Federal Law

The Fifth Circuit’s Dissenting Judge James Ho Is Spot On with His Summary Analysis in Faludi’s FLSA Case.

In Faludi’s case the facts appear clear from the opinion; Faludi signed a contract as an Independent Contractor, yet now sues US Shale and claims he is an employee. That issue is material and substantial to any decision in this case.

Jeff Faludi v US Shale Solutions L.L.C.

Appellant Jeff Faludi, a former practicing attorney, took a consulting job at an oil and gas services company:-

US Shale Solutions, LLC filed as a Foreign Limited Liability Company (LLC) in the State of Texas on Tuesday, April 5, 2016 and is approximately three years old, according to public records filed with Texas Secretary of State. A corporate filing is called a foreign filing when an existing corporate entity files in a state other than the state they originally filed in. This does not necessarily mean that they are from outside the United States.

Related Entities for US Shale Solutions, LLC

Jeremy Jackson is Chief Financial Officer of US Shale and Not Without Other Legal Woes

When Faludi left the company, he filed this lawsuit under the Fair Labor Standards Act (FLSA), seeking to recover unpaid overtime wages. Because Faludi was exempt from the FLSA, we AFFIRM the district court’s summary judgment in favor of his former employer. However, because the district court did not state its reasons for declining to award costs to the prevailing party, we VACATE the award of costs and REMAND that issue to the district court.

Why Courts Should Demand Tax Accountants as Expert Witnesses in Cases Like These, Or the IRS

Besides judges and lawyers, accountants probably have the most challenging job when it comes to legislation and interpretation of the law. They are relied upon in matters of complex accounting and taxation, to legally reduce tax –  or, if you are the IRS, demand tax where the tax and accounting laws have allegedly been misapplied, intentionally or otherwise.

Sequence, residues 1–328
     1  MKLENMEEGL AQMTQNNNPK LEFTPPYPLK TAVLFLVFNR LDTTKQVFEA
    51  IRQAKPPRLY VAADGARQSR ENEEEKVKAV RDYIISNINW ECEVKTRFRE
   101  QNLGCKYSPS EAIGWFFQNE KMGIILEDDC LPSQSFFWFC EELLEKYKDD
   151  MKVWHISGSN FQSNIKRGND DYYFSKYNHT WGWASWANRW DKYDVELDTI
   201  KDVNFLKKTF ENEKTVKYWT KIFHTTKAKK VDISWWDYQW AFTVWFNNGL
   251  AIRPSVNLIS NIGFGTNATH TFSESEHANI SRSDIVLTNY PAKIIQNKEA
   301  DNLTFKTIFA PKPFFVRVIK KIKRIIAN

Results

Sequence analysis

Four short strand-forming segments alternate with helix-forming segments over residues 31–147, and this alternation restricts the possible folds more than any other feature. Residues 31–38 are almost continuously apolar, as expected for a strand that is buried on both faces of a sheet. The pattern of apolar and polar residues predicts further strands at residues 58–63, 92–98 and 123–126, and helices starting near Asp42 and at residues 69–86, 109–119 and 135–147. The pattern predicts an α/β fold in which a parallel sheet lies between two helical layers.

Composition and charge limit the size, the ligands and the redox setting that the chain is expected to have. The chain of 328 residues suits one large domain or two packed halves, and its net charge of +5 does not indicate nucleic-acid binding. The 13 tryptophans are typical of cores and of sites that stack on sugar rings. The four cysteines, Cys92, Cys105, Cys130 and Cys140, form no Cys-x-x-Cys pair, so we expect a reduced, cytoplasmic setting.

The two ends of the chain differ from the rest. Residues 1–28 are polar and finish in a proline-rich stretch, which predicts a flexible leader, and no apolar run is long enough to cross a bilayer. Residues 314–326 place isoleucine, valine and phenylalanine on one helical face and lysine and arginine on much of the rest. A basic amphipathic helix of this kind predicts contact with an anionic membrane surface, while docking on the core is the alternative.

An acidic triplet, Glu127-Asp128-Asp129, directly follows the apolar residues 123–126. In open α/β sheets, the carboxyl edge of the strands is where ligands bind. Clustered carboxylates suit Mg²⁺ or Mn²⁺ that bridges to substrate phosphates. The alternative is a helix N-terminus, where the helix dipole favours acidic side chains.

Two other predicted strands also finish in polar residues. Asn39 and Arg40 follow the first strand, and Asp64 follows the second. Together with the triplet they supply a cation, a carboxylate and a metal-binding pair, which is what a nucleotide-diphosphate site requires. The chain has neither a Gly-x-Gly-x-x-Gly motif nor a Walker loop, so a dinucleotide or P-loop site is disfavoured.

As citizens, for a judge to be a qualified tax accountant, a specialized field which takes years of study to achieve top qualifications, seems far reaching – yet on perusal, we see many decisions which are reached without the reliance from an expert witness at the lower court. This is such a case.

While it is Grandiose to Quote the Superior Law of the Constitution, the Simple Fact is the Decision to Render Judgment was Premature

Judge Ho went into great lengths about the constitution and while that is heart-warming to read that [some] Judges will fall back and rely upon the superior words, what is more disturbing about the majority decision is the failure again to apply ‘common sense’ to the case.

In Faludi’s case the facts appear clear from the opinion; Faludi signed a contract as an “Independent Contractor”, yet now sues US Shale and claims he is an “employee”. That issue is material and substantial to any decision in this case and no decision should have been rendered until the following was determined at the lower court, as stated by Judge Jim Ho:

“Accordingly, I would reverse and remand for further proceedings, to allow the district court to address in the first instance whether Faludi is an independent contractor and therefore not entitled to overtime.”

An expert witness in the field of taxation and/or accounting along with a review of the percentage of work Faludi performed for other businesses (as an independent contractor) during the periods in question will help determine his ’employee’ or ‘independent contractor’ status along with his tax filings.

Judge Elrod Authored the Opinion in Which Higginbotham Joined

The case needs more discovery and yet the majority erroneously claim it can be determined by relying on law;

“[T]he ultimate decision whether [an] employee is exempt from the FLSA’s overtime compensation provisions is a question of law. Lott, 203 F.3d at 331.”

But this is not an employee versus employer case. Faludi came to court armed with an “independent contractor” agreement. Hence, the law – in this case- and applying common sense, one cannot clearly ascertain if Faludi is an “employee” or an “independent contractor” based on the scant discovery.

Judge Elrod and Higginbotham cannot decide this in law, it should, as Ho suggests, have been remanded and relying upon Common Sense.

Disclaimer; We have not reviewed the briefs or the lower court case, so we rely upon the facts as summarized in the Opinion, which makes no reference of an ‘expert witness’ from the field of accounting/taxation.



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